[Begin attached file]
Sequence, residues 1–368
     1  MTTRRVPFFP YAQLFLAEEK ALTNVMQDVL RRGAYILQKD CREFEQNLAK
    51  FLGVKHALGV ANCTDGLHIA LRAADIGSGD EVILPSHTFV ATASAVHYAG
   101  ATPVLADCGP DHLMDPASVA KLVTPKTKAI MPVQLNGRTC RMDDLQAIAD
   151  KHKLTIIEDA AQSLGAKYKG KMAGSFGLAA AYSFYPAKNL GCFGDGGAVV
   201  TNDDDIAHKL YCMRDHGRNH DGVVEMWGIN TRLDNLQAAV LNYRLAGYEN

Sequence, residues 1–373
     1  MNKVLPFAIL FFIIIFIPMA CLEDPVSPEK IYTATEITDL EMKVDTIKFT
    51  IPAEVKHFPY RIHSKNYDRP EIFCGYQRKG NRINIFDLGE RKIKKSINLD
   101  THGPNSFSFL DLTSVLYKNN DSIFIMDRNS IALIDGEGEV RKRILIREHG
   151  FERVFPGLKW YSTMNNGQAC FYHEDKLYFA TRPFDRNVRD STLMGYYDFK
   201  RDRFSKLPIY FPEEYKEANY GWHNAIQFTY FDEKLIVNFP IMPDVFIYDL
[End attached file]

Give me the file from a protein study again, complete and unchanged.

Sequence, residues 1–368
     1  MTTRRVPFFP YAQLFLAEEK ALTNVMQDVL RRGAYILQKD CREFEQNLAK
    51  FLGVKHALGV ANCTDGLHIA LRAADIGSGD EVILPSHTFV ATASAVHYAG
   101  ATPVLADCGP DHLMDPASVA KLVTPKTKAI MPVQLNGRTC RMDDLQAIAD
   151  KHKLTIIEDA AQSLGAKYKG KMAGSFGLAA AYSFYPAKNL GCFGDGGAVV
   201  TNDDDIAHKL YCMRDHGRNH DGVVEMWGIN TRLDNLQAAV LNYRLAGYEN

Sequence, residues 1–373
     1  MNKVLPFAIL FFIIIFIPMA CLEDPVSPEK IYTATEITDL EMKVDTIKFT
    51  IPAEVKHFPY RIHSKNYDRP EIFCGYQRKG NRINIFDLGE RKIKKSINLD
   101  THGPNSFSFL DLTSVLYKNN DSIFIMDRNS IALIDGEGEV RKRILIREHG
   151  FERVFPGLKW YSTMNNGQAC FYHEDKLYFA TRPFDRNVRD STLMGYYDFK
   201  RDRFSKLPIY FPEEYKEANY GWHNAIQFTY FDEKLIVNFP IMPDVFIYDL